The Nobel Symphony CD
The Nobel Symphony, commissioned by Gustavus Adolphus College in commemoration of the 100th anniversary of the first Nobel Prizes and composed by American composer and Gustavus alumnus Steve Heitzeg, is now available on compact disc. This recording of the premiere performance on 2 October, 2001, features the work of over 350 Gustavus student musicians in the Gustavus Symphony Orchestra and Massed Choirs, two children's choruses and four faculty soloists.
Recordings may be ordered with credit card by calling the Gustavus BookMark at 800-487-9307 (orders only) or may be purchased in the BookMark on the campus. Each CD is $17.95, plus $4.50 for handling and shipping.
Nobel XXXVII The Second Nobel Century: What is still to be discovered?
This year we will celebrate the 100th anniversary of the Nobel Foundation by reflecting on the great discoveries, works of art, and accomplishments in the pursuit of peace that, in the words of Alfred Nobel's will, "conferred the greatest benefit on mankind" and led to the award of a Nobel Prize.
In a century that produced two world wars, the atomic bomb, and tremendous social upheaval, we've also seen the virtual elimination of once-feared contagious diseases, unheard-of increases in the speed of transportation, and forms of communications completely unimagined by previous generations. As my 80-year-old father put it after marveling at the things he could do with his new computer, "I can't imagine any generation that has lived through more changes than I have." He may be right.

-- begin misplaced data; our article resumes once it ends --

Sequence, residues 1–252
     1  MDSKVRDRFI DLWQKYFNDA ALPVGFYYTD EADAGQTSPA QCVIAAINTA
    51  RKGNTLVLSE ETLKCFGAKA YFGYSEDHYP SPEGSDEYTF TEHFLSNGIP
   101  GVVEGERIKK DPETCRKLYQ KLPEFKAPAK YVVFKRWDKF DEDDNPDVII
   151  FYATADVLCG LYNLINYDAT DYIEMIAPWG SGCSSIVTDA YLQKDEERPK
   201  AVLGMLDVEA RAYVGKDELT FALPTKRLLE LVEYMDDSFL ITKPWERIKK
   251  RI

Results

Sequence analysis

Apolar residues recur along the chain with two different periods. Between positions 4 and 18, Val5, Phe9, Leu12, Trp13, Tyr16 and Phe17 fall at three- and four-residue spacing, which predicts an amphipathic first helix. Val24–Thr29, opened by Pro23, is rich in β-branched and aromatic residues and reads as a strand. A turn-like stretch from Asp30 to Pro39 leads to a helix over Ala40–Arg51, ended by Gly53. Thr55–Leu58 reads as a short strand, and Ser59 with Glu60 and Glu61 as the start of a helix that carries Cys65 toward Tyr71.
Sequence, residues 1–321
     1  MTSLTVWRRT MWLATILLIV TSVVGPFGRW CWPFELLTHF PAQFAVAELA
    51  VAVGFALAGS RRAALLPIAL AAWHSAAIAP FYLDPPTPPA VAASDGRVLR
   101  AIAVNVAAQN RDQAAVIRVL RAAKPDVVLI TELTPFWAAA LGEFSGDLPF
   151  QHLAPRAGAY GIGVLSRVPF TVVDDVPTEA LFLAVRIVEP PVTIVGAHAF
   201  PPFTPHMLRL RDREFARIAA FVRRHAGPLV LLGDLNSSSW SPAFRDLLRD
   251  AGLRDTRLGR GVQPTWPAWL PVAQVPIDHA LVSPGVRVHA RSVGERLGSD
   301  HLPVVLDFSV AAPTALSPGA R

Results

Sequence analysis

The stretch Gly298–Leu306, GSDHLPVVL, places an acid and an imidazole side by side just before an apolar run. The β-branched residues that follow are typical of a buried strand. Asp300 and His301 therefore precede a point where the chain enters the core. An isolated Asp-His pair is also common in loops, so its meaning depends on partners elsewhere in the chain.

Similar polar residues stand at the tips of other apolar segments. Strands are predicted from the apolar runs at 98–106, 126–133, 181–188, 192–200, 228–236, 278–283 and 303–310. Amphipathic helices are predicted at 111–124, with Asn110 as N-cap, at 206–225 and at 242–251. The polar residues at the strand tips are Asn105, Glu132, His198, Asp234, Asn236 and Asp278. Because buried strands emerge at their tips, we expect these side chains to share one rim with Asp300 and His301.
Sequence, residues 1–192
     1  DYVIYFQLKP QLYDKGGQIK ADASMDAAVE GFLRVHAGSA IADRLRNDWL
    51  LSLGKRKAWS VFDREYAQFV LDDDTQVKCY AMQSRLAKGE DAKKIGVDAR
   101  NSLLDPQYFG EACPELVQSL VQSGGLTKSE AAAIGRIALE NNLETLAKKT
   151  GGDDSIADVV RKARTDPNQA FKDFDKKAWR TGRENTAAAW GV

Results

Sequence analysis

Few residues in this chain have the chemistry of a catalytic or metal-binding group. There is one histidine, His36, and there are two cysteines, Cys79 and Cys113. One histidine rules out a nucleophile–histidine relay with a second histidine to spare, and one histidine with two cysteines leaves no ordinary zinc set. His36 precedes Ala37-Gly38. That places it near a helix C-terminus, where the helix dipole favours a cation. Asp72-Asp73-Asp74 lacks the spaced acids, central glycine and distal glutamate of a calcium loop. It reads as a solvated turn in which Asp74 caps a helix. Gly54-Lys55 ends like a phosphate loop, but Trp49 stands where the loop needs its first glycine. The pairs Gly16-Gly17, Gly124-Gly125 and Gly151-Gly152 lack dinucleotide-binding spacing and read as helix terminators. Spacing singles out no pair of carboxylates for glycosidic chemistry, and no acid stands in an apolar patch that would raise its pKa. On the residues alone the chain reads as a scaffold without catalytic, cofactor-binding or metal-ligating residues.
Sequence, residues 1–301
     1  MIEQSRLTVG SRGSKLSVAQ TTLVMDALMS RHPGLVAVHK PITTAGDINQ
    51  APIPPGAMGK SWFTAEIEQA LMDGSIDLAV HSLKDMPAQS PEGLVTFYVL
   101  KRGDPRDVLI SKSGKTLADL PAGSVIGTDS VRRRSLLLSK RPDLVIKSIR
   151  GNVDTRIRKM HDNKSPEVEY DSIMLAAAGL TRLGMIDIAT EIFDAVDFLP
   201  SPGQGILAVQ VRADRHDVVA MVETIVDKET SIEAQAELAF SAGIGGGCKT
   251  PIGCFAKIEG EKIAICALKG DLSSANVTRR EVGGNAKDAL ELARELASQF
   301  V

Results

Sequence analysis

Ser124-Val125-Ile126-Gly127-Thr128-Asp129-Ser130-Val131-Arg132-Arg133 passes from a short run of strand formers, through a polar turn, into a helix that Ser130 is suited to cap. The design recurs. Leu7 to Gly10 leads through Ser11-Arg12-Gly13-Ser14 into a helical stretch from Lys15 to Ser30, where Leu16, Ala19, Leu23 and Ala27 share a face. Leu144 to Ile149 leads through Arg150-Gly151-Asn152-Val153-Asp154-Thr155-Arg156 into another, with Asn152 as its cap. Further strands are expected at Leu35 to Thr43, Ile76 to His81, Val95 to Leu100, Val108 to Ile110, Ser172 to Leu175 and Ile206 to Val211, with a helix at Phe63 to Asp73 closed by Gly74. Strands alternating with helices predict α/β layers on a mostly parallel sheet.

To get into the spirit of this conference, I invite you to reflect on what you consider to be the greatest changes during the past century. In fact, you can vote for your favorite discovery by visiting our "A Century of Great Discoveries" Web page.
The companion thought, of course, is: "What's next to come?" "What can science possibly discover in the next century?" Or, "What are the really pressing global issues that need to be addressed in the next century?" "Can science and technology be counted upon to improve conditions as they did in the last century?" Or, if you're on the pessimistic side, "Can we survive the next century without harming ourselves with the discoveries made in the last century?"
These questions will be discussed by a distinguished panel composed of five Nobel Prize laureates, the secretary general of the Nobel Foundation, the longtime editor of arguably the world's foremost science journal, and the head science writer of one of America's premier newspapers. I can't think of a better-qualified group to consider these questions.
Tim Robinson, Director